*>And last but not the least he must be INTELLIGENT, UPDATED, And Most Of all ETHICAL.

    Dr Suraj A K

  • Anonymous
    7 years ago

    Before choosing a permanent doctor, i search the Doctor on the internet and try to find reviews. If the reviews are all positive, I go to their office and do paperwork to make a file there. During my first check up, I examine the certificates on the wall and make sure they're authenticated and belong to the doctor. Doctors are licensed and are recorded by the federal government (well at least here in Canada), so i give the office a call and ask for info. Doing all this, iv'e been seeing the same great doctor for over 15 years! I've also done this for my children too.

    Hope i helped!

    Source(s): Experience
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  • 7 years ago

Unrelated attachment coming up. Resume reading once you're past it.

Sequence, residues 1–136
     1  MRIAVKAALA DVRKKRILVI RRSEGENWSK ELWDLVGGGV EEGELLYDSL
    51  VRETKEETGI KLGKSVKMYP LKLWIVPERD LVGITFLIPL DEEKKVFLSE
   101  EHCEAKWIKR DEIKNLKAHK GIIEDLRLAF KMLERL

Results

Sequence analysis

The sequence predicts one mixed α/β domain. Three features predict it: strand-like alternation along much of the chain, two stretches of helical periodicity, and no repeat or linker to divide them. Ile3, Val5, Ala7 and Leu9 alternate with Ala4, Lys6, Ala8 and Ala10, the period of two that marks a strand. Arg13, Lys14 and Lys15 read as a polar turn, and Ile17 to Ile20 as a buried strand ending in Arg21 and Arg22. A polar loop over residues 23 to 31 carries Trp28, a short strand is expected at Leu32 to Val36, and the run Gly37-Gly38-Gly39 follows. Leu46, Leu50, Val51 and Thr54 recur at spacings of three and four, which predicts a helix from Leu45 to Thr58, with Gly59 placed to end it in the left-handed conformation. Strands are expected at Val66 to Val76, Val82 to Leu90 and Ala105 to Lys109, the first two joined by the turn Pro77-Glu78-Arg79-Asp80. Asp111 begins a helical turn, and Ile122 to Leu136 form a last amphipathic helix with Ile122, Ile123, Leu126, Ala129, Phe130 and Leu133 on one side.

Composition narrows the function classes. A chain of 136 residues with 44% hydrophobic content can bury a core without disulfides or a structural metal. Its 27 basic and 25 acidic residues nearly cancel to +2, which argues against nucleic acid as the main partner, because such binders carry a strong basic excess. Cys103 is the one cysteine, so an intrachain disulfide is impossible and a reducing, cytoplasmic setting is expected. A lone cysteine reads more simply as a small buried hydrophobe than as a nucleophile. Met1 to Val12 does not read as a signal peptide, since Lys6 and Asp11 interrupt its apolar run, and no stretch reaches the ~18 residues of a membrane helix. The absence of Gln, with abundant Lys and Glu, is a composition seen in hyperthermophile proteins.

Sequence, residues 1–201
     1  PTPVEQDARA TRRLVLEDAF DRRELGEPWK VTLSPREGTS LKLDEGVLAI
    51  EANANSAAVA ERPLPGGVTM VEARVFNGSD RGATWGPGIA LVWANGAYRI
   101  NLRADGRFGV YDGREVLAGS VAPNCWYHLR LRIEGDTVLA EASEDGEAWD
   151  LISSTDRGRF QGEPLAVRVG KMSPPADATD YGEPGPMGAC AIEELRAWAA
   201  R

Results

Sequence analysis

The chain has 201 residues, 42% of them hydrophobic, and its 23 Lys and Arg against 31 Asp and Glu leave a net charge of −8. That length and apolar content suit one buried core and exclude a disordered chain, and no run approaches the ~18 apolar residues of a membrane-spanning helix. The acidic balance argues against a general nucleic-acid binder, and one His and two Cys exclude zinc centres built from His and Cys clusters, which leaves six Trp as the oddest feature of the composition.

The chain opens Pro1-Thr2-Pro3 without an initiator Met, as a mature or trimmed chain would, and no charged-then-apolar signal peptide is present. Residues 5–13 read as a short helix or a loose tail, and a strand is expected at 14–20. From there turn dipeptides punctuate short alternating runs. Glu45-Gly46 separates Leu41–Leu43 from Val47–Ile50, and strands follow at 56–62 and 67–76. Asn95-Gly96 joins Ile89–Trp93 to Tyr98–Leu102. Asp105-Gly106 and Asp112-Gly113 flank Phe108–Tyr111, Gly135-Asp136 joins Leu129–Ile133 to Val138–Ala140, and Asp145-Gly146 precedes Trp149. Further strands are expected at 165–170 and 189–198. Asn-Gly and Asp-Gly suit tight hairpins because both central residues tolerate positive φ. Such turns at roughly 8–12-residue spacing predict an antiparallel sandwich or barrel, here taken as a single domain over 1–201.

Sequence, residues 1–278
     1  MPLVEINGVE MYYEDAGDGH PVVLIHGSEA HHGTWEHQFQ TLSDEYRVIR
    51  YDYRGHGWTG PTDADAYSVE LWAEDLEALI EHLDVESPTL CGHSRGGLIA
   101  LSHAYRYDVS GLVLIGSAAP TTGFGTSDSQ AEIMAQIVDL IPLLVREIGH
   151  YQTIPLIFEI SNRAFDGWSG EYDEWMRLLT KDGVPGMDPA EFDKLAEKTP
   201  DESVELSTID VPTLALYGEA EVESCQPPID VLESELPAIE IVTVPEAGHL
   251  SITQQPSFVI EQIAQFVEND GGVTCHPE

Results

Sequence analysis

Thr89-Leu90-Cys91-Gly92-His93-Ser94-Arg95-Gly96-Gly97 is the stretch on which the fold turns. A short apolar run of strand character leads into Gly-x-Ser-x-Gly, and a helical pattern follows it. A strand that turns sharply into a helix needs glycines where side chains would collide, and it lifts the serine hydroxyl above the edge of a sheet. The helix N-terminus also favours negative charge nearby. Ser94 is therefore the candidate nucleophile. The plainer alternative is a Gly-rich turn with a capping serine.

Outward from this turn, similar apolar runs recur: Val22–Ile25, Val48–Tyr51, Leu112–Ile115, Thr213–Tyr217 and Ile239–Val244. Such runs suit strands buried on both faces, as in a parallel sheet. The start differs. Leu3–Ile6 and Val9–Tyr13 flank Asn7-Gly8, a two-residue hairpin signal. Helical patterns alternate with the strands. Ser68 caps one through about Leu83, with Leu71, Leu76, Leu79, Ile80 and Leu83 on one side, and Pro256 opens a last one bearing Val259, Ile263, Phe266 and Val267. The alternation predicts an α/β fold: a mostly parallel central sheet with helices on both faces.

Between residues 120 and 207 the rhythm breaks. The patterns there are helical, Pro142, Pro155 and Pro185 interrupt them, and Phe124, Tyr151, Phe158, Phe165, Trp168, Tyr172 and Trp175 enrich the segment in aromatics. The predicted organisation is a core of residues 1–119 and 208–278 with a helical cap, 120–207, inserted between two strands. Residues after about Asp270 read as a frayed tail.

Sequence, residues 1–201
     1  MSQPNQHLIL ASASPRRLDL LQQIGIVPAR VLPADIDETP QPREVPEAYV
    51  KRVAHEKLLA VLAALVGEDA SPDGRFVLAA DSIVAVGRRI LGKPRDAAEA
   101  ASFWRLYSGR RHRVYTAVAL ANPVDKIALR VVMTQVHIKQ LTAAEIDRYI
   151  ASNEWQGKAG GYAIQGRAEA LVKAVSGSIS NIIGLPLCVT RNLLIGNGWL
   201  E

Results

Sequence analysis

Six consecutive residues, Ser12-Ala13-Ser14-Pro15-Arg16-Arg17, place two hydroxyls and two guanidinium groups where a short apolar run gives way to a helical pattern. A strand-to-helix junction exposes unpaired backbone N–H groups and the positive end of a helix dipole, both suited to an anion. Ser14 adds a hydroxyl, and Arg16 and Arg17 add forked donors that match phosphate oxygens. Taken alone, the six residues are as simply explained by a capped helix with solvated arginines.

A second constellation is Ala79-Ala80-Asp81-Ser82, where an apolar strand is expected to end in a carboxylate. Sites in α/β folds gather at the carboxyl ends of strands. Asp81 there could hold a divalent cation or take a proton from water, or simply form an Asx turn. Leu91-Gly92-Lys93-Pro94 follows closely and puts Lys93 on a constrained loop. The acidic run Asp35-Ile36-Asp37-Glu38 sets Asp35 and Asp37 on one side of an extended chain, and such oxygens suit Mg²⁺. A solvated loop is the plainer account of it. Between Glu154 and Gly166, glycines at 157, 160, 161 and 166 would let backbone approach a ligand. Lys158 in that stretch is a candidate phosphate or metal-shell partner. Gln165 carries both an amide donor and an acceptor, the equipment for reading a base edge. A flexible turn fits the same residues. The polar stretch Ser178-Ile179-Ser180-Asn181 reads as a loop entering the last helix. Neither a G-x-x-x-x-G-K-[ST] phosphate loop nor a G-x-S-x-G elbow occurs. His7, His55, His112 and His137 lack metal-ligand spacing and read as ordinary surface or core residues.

First I check to make sure my insurance is accepted there. That significantly narrows my options, always. I try to get a doctor that has close connections with the local emergency room, (since that is where I'd need them most + file sharing, etc.), speaks english fluently, and sees eye to eye with me on religious issues (in that s/he had damned well keep her/his religious hangups out of my medical treatment/care/decisions. I am aware that doctors can now lie to patients, and even maintain their license after they've been convicted of assault, rape, and some other undoctorly crimes.) I also make sure they are involved in either a network, or some serious strategy to ensure patients are seen within a timely fashion. The office/hospital must be clean. Bedside manner is important, but I'll take a rude competent doctor over a nice sub par doctor any day. If I wind up (in a reasonable amount of time) in good health, with no long term damage, I'm satisfied.

  • Shanti
    Lv 4
    7 years ago

    On the first appointment, i need to interview the doctor, just as he's interviewing me. Are we compatible or does he/she seem a wrong fit for me and my family needs. Is the doctor easy to talk to and give reasonable answers, or is the doctor too rushed to spend a few minutes with me, to answer my questions. I also ask around the doctor's office location for input from other patients.